The Clean Power Plan is by no means perfect, but it has the potential to benefit American families, especially low-income people and people of color. These households are disproportionately affected by fossil fuel-fired power plants and the effects of climate change.

Dakota Access Black Out: Praying Protesters Raided By Military-Style Police, Facebook Access Blocked

Don’t let headlines pacify you into tuning out of the resistance against the Dakota Access Pipeline. Why? Well, because authorities just conducted a military-style raid on peaceful protesters. This is a story quickly being censored, with few beyond those on the ground really certain what’s happening.

The targeted group were actually in a prayer circle when authorities ambushed them. Several sources, including Native American Here, report police in military-style gear and vehicles held prayer goers at gunpoint. At the ends of shotguns and rifles were they arrested, despite the efforts of protesters nearby. Those who attempted to film the “crackdown” stated their Facebook access was blocked.

Standing with Standing Rock

The Native Organizers Alliance has been supporting tribal leaders as they develop strategies to counter the powerful economic elites behind the Dakota Access pipeline.

At the center of the Dakota Access pipeline fight are some of the country’s most impoverished and most economically powerful people.

One section of the four-state pipeline would run through North Dakota’s Standing Rock Sioux reservation, where 41 percent of 8,200 residents live below the poverty level and nearly a quarter are unemployed. Thousands of people have joined the Standing Rock tribe in opposing the pipeline over concerns it will contaminate their water supply and damage sacred sites and cultural artifacts.

Scientific Consensus: Why Should We Accept It?

Scientific consensus isn’t reached only through whipping up votes. It’s actually born out of an overwhelming agreement between scientists of varying fields of study regarding a particular issue at hand.
As if providing a systematic framework for understanding how everything in the cosmos works wasn’t enough, science is often found in the realm of the social — how people relate to each other as they live out their everyday lives. Across the world, arguments about bills and policies that govern entire countries cite “scientific facts” for support before they are passed into law. Companies convince their customers to purchase their products with appeals based on “scientific facts.”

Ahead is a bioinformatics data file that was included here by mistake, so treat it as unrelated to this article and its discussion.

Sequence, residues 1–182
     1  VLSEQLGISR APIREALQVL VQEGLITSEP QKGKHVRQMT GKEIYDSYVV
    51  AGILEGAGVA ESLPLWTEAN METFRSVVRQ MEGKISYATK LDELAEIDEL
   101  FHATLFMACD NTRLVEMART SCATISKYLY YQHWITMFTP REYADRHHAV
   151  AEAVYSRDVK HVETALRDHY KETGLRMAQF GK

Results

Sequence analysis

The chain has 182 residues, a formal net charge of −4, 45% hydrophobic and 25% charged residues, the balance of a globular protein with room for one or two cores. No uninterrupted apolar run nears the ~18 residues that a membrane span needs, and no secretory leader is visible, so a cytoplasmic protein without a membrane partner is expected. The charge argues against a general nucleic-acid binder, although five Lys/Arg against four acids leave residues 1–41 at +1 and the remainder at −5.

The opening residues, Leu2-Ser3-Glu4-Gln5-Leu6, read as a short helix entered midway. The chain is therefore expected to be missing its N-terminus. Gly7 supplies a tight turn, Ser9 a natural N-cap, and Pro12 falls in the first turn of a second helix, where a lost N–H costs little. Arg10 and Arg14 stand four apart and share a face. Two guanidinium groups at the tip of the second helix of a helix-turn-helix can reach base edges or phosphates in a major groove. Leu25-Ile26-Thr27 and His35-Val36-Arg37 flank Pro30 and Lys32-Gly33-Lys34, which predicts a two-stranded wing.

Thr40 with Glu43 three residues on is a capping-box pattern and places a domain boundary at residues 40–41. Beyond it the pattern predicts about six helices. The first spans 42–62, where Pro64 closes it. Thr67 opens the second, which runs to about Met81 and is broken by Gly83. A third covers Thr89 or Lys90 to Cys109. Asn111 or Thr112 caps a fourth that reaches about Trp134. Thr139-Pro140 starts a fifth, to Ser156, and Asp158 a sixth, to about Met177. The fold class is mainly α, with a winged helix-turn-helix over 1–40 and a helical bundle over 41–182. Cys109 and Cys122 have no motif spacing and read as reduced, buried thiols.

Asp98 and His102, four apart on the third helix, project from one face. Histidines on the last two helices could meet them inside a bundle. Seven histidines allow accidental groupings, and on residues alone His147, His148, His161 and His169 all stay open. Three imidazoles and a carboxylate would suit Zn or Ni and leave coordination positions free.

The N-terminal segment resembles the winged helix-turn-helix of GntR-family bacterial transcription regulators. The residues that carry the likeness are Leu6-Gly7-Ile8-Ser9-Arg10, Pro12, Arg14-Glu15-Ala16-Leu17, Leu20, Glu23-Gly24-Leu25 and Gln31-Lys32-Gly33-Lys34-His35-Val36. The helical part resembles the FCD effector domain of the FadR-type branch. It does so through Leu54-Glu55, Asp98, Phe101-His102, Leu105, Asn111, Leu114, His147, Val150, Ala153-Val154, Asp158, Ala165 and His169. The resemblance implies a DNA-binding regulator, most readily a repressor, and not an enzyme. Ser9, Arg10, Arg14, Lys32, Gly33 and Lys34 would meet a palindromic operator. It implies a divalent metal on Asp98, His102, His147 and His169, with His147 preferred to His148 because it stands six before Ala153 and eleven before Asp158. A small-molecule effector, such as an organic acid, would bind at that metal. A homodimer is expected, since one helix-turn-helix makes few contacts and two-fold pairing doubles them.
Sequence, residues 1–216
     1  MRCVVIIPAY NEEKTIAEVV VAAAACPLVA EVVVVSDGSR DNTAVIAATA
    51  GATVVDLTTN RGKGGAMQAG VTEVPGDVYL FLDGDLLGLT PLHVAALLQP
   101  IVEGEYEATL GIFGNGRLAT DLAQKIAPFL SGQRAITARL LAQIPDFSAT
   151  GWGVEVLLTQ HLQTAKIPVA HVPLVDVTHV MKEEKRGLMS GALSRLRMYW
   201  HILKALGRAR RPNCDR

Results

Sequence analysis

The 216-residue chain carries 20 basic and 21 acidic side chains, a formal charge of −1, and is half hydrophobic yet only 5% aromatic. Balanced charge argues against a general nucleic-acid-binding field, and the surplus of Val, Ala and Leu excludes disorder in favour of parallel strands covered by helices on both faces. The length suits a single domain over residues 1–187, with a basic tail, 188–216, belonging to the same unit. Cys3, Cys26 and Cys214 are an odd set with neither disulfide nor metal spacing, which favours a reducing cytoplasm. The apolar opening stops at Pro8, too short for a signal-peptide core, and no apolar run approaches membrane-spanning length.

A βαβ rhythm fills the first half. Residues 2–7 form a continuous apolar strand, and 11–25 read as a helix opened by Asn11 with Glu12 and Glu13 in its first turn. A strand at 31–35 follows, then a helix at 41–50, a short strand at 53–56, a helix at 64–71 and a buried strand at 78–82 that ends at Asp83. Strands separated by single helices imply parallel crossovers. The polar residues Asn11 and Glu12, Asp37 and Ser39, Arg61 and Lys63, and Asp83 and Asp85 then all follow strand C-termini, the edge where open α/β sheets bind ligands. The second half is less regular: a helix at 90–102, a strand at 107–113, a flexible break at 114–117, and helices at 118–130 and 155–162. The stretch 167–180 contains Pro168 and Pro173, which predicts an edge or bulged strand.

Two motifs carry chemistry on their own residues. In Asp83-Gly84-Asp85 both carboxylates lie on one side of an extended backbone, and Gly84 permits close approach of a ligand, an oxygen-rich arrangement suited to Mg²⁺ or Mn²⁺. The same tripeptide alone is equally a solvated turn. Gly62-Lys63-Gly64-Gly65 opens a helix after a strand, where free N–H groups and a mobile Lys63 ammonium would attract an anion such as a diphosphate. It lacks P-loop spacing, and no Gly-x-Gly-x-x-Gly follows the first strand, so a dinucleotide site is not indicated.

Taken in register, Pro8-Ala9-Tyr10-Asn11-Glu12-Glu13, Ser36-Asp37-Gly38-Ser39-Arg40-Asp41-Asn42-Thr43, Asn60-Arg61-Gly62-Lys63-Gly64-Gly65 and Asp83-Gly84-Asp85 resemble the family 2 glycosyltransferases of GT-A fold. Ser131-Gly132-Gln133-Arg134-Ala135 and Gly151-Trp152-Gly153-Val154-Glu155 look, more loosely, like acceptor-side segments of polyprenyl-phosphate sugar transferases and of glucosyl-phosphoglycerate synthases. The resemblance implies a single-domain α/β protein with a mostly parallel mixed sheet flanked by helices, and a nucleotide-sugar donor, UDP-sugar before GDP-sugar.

Hopes high for global climate deal’s early entry into force

Hopes for the early entry into force of the universal climate Paris Agreement will be boosted this week with a special meeting at the UN on 21 September where at least 20 countries are expected to announce they have ratified the agreement, and others will commit to ratifying it before the end of 2016.

The agreement requires 55 member countries representing 55 per cent of global greenhouse gas emissions to ratify it before it can enter into force. In an unprecedented show of political will, more than 175 countries signed the agreement in April and more than 29 countries representing around 40 per cent of global emissions have ratified it to date.

Commenting on this, Regine Guenther, interim leader of WWF International’s Climate and Energy Practice said all actions which escalated climate action were welcome and necessary.

The surprising link between the tapirs of Costa Rica and climate change

New studies suggest that protecting tapirs and other large seed-eating mammals is key to preserving carbon storage in rain forests.

Esteban Brenes-Mora has been obsessed with tapirs — large, pig-like jungle dwellers — for as long as he can remember. It started with a sticker book his grandfather gave him as a child, and continued through zoo visits and into his university studies.

“I’ve always been passionate about tapirs,” he says. “When I studied biology I was aiming for tapirs, and since I graduated I’ve been looking for ways to study them.”

As Nations Reject Monsanto Sketchy GMOs, Focus Shifts To Once Lucrative Vietnam